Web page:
Networking 101

Let’s be honest, networking can be downright awkward at times.  It’s not like you’re asking the person out on a date, but it sure can feel like it- walking up cold to someone who’d be a great contact, flipping them your business card and then giving them a wink and doing the fake finger pistol motion followed by the click-click sound with your tongue.  I kid, I kid.  We all know that’s definitely not the way to make a contact- make an impression, yes- but not build a future business relationship.

In all seriousness, networking is a powerfully vital tool to advance your personal and professional life and should be a skill we continually refine and use.  More times than not, landing your next job or gaining a big lead boils down to relationships and who you know.  Here are some steps to avoid the awkwardness and network like a pro:

  1. Participate in various networking groups.  Dr. Ivan Misner, Founder and Chairman of Business Network International, breaks them into four groups: Casual contact networks (networking events or industry mixers), knowledge networks (professional associations), strong contact networks (groups that meet frequently specifically to build professional relationships, like those run by BNI), online networks (professional social media services, such as LinkedIn).
  2. Be intentional.  What if there’s someone you don’t know, but want to know?  I have a friend who through Twitter was following the VP of a non-profit that was her dream place to work, but never imagined it would happen.  Long story short, my friend reached out the VP and asked if she ever had time she would like to pick her brain about marketing (since they both worked in the same field).  Over a year later a position opened up and the VP called my friend to see if she was interested— all started via social media and the phone.  Remember though, it’s about building a relationship not trying to get something from them (see #4).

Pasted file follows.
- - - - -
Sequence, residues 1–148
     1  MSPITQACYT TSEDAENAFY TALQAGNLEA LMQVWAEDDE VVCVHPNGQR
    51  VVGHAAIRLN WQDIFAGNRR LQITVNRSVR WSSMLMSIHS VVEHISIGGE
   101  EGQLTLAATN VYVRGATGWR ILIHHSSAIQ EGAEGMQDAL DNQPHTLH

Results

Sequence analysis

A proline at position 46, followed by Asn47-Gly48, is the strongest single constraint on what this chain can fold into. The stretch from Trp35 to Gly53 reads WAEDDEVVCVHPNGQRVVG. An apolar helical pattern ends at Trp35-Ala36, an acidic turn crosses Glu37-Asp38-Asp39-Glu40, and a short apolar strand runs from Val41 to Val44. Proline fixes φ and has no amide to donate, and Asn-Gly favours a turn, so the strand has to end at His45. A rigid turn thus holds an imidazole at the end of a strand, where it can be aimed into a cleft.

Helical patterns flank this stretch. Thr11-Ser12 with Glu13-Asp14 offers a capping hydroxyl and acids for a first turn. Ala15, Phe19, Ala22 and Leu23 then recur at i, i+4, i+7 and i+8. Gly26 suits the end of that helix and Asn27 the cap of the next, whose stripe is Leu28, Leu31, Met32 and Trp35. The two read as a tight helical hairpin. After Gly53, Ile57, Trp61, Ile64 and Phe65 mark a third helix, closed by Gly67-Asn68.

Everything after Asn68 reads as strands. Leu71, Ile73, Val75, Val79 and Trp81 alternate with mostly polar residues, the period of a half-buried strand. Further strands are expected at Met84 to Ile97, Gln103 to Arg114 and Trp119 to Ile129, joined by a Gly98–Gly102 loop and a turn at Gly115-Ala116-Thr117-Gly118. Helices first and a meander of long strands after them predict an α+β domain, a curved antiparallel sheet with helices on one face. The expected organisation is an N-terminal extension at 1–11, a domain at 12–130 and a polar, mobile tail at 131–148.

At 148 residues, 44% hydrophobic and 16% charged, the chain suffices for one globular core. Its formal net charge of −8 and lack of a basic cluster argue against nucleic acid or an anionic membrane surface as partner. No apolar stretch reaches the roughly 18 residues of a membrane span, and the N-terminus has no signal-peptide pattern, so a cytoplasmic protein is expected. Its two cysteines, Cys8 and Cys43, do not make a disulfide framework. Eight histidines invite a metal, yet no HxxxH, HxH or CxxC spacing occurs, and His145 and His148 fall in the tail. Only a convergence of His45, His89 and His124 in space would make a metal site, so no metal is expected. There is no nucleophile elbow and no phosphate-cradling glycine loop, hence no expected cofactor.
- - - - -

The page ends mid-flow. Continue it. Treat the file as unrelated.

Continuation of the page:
3. Be prepared and don’t be shy.  When going to an event, have questions prepared in your mind and know your elevator pitch well.  Find someone standing alone and go introduce yourself and let the conversation flow.
  4. Don’t expect anything.  Instead of approaching networking with the goal of gaining favors, try reaching out with curiosity.  Contact interesting and relevant people and see what happens… Find out what makes them interesting and how you can help them — and don’t expect anything in return,” said James Clear of the Passive Panda.
  5. Be available for your contacts.  Don’t always be the needy one or drop of the map when not in need of something.  Building long-lasting, genuine relationships is a two-way street.
  6. Lastly, follow-up, follow-up, follow-up.  Send a follow-up email or snail mail and stay in touch.  After meeting someone and exchanging information, make sure you send them a follow-up email.  Even better, if someone took time to meet with you one on one sending a handwritten thank you note goes a long way.

And Never, Never Ever:

  1. Be overly aggressive.  Matthew Toren of says it best, “If you walk into an event with the mannerisms of a used car salesman, you will immediately turn off everyone around you.  Yes, you want to end up known at the end of the day, but not for being arrogant and annoying.”
  2. Ask for a favor from someone you just met or have no relationship with.  This puts that person in an awkward position when you really have no street cred with them yet.  Unless they offer to do something specific for you, be careful in how you move forward.  Relationships take time to develop and don’t happen overnight.  Give it time.